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The kind of review every author dreams of was posted on my 40th birthday:
Let me get a few words out of the way about Web Accessibility: Web Standards and Regulatory Compliance—wow, wow, wow.
… if there are accessibility classes being taught in college these days (and there ought to be), then this book should be an assigned text, and a bargain it would be too. Bruce Lawson must be applauded for his dedication to this series … and putting the people behind it together.
… I like to conclude my reviews with an unbiased look at whatever aspects of a book I feel were weak, or perhaps problematic in some other respect. In all honesty, I don’t have a single negative thing to say here … This book is worth every penny you pay for it.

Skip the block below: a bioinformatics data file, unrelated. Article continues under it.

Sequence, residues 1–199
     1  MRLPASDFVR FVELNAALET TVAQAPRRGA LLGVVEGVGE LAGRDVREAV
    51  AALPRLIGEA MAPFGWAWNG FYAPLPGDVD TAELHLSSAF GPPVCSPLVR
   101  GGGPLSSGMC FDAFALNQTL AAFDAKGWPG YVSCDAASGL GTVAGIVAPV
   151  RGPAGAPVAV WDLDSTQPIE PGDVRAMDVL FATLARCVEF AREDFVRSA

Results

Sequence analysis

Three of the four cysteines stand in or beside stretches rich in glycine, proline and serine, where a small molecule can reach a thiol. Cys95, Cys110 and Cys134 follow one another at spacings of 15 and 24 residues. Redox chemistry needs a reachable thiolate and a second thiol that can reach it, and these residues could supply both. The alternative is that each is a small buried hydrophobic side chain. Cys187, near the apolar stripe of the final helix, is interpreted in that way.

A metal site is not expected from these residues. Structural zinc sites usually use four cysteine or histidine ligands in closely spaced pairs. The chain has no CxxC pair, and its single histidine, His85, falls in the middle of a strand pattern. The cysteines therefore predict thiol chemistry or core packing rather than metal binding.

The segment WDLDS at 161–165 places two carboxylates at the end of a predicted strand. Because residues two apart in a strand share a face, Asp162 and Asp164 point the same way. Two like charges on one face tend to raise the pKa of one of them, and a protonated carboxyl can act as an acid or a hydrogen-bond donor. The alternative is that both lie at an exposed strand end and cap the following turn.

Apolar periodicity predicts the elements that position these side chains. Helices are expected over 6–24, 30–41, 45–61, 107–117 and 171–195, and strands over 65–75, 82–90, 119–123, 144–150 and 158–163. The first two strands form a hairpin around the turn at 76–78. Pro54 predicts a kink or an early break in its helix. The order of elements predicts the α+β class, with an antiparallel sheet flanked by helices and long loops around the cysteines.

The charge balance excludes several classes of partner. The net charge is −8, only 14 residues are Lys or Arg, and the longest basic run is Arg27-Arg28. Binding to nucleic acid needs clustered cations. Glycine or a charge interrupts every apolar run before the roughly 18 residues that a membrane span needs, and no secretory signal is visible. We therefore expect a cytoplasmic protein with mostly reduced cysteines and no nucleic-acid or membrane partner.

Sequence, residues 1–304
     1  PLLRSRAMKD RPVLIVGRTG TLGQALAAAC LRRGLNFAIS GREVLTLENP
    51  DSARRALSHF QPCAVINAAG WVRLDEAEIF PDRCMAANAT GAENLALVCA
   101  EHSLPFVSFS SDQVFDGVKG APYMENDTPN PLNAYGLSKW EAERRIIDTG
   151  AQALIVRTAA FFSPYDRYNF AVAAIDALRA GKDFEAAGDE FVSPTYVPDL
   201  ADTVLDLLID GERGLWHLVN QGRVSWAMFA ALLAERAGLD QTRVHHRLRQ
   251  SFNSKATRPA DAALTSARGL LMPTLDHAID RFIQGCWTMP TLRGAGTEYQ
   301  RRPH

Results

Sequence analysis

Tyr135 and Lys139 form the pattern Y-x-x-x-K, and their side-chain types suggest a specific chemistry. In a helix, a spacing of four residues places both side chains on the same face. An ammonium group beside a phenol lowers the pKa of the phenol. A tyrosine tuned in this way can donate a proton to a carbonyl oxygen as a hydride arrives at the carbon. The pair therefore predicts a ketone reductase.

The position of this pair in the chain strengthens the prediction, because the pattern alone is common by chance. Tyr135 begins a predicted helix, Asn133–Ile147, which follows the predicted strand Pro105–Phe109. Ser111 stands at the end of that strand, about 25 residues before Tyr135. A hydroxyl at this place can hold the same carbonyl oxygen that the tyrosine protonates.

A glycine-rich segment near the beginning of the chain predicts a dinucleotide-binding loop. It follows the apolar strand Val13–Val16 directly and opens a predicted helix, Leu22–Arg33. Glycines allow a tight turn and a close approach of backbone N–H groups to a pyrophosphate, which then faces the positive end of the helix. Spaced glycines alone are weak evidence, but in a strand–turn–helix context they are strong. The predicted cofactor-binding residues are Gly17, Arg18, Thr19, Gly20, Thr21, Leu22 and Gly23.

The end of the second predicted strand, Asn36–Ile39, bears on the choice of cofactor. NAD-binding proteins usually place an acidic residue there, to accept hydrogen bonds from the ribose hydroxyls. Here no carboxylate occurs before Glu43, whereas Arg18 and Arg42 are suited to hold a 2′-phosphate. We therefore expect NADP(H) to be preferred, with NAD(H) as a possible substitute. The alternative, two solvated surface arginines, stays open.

Destry Wion, TXP Magazine
It’s great to know that someone else feels the book to be as indispensable as I feel my work bookshelf to be. Here’s my bookshelf:
- Time Management for Dummies
- More Eric Meyer on CSS
- The accessibility book
- CSS Mastery, Andy Budd
- Web Standards Solutions, Cederholm
- Designing with Web Standards, Zeldman
- DOMScripting, Jeremy Keith
- DHTML Utopia, Stuart Langridge
- CSS Anthology, Rachel Andrew
- Defensive Design for the Web, 37 Signals (I’ve entirely changed my previous opinion about this book)
- Information Architecture for the World Wide Web, Rosenfeld, and Morville
- official Photoshop and Paintshop Pro manuals
- Photoshop Face-to-Face
- Usability – The Site Speaks for Itself, by Molly Holzschlag and me (for sentimental reasons)
- A box file full of printouts from blogs
Destry, you are hereby entitled to a snog or a pint (your choice) if we ever meet up.